Loading
Tap on the profile icon to edit
your financial details.

living trust new york

A living trust is one way to make things as easy as possible for your family after you’re gone. If you are living in New York and thinking about creating a living trust, this article will provide you with all of the relevant information you need, including a step-by-step guide through the process.

Whether you are setting up a living trust or looking for help with estate planning in general, you might benefit from the advice of a financial advisor. SmartAsset offers a free financial advisor matching service that you can use to find an advisor in your area who can guide you through all of the elements of financial planning.

How to Create a Living Trust in New York

These are the steps you’ll need to take to create a living trust in the Empire State:

  1. Figure out which type of trust you need. A single trust is for just one person, so if you’re single that will likely be the choice you’ll make. If you’re married, though, a joint trust might make more sense. A joint trust allows you to place joint property like cars or homes into the trust.
  2. Take stock of your property. Make sure you know exactly what you own and what you want to put into the living trust. Assets you can put into a living trust include real estate, family heirlooms, artwork, stocks, bonds and mutual funds. You’ll also need to gather relevant paperwork for your property, like records of home ownership or titles to vehicles.
  3. Choose your trustee. You can name yourself the trustee or you can choose someone else. If you name yourself, you’ll also need to name a successor trustee who will take over once you’ve died or if you become incapacitated. A trustee will be responsible for making sure the property in the trust goes to the right people, so you’ll also want to decide which of your heirs gets which piece of property.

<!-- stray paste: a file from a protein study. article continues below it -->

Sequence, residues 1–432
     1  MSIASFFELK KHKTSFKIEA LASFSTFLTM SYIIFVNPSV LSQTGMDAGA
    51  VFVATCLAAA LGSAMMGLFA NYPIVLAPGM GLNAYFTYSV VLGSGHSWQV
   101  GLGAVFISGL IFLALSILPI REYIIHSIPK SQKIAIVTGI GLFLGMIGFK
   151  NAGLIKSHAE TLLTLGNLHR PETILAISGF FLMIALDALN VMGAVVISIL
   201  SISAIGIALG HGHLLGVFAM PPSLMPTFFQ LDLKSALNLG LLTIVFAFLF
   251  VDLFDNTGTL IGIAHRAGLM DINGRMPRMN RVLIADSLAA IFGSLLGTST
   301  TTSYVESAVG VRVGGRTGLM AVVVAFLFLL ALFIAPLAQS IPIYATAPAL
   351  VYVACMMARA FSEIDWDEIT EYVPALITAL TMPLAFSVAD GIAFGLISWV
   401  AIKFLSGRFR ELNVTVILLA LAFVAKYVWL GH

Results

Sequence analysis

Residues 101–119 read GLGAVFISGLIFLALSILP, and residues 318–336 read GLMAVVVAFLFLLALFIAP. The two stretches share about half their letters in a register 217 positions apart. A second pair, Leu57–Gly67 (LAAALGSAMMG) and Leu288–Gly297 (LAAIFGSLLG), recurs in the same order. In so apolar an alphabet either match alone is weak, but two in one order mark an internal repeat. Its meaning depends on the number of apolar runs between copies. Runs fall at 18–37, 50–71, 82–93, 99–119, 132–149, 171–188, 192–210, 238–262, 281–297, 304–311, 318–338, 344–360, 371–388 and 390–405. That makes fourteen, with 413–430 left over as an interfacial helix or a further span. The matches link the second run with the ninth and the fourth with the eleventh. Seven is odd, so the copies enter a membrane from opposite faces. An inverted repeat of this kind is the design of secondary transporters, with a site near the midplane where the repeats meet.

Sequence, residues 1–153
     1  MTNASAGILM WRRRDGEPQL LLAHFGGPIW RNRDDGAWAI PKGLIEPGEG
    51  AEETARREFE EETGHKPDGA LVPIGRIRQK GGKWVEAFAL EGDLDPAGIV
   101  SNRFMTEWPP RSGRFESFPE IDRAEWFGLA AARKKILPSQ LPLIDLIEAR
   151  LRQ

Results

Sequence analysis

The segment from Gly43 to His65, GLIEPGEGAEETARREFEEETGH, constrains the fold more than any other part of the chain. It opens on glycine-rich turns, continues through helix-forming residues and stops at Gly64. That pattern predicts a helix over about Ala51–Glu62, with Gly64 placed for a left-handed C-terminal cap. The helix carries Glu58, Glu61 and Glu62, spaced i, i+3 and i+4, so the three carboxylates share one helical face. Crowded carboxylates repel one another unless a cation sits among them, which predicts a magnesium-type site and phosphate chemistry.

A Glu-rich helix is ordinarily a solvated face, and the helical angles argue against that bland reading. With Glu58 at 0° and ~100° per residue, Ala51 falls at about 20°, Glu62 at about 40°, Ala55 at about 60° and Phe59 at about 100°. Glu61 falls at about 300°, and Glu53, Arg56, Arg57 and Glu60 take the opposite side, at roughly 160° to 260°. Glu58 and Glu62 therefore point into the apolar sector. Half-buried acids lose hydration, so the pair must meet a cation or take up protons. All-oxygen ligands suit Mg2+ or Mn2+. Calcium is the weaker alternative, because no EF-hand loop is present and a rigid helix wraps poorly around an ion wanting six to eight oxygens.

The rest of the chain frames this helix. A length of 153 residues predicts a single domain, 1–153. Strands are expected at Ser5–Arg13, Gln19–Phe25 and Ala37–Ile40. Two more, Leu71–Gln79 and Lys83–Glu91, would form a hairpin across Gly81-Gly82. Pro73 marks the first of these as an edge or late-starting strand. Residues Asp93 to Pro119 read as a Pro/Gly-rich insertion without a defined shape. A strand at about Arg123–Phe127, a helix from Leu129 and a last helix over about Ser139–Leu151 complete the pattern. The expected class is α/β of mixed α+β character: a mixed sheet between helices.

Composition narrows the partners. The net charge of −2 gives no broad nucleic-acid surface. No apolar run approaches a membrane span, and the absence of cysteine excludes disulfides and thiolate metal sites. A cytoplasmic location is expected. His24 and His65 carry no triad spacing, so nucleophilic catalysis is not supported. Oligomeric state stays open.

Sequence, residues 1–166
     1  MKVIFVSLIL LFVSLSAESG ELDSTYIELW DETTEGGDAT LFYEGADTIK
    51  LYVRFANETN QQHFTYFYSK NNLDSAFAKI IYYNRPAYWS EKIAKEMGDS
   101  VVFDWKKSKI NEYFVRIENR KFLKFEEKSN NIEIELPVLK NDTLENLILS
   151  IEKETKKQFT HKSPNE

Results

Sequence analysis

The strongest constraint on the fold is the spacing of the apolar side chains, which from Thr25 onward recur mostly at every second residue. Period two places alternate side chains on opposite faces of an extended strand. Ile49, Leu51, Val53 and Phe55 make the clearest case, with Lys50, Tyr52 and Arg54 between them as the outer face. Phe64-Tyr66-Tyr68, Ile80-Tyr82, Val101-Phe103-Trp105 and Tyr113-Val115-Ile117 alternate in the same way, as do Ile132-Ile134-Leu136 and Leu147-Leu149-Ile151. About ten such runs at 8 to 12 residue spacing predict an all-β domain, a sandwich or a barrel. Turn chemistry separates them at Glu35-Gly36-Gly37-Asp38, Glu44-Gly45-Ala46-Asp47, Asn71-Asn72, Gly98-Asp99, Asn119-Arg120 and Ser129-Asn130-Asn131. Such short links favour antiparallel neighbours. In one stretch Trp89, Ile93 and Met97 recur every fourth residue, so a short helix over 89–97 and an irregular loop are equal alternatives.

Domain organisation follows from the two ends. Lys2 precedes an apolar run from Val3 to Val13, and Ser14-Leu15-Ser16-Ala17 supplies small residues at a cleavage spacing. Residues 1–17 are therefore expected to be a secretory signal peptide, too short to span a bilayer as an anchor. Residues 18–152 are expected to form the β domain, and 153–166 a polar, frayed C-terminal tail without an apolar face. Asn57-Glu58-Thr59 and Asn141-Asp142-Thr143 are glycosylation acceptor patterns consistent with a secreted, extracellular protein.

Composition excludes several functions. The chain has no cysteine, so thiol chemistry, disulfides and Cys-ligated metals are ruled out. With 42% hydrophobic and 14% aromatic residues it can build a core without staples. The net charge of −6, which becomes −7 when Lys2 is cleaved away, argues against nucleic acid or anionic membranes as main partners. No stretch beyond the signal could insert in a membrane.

4. Now you can go ahead and make the actual trust document. You can do this by yourself with the help of an online service or hire an attorney.
  5. Once you’ve created the trust document, you’ll need to sign it in front of a notary.
  6. Lastly, you’ll need to fund the trust. You can do this by transferring your property in to the trust. You can do this by yourself, but it requires some paperwork and a lawyer may make it easier.

What Is a Living Trust?

A living trust is a document establishing a legal framework within which to store a person’s assets. A living trust details a grantor’s wishes for his or her assets and is intended to make the transfer of those assets to beneficiaries easier. Each living trust has a trustee, who is responsible for overseeing the assets in the trust and ensuring the assets are passed along to the trust’s beneficiaries according to the trust’s instructions.

There are two types of living trusts: irrevocable living trusts and revocable living trusts. Irrevocable living trusts are permanent. Once assets are placed in irrevocable living trusts, they cannot be removed unless each person named in the trust gives his or her express permission. You’ll relinquish control of the assets you place into an irrevocable living trust, and thus taxes will apply to the trust itself, not to you.

A revocable living trust, on the other hand, is more flexible. It allows the grantor to remove assets from the trust and modify the terms of the trust. You’ll retain control of the assets you place in the trust. Because the assets in the trust remain under your ownership, you will pay taxes accordingly.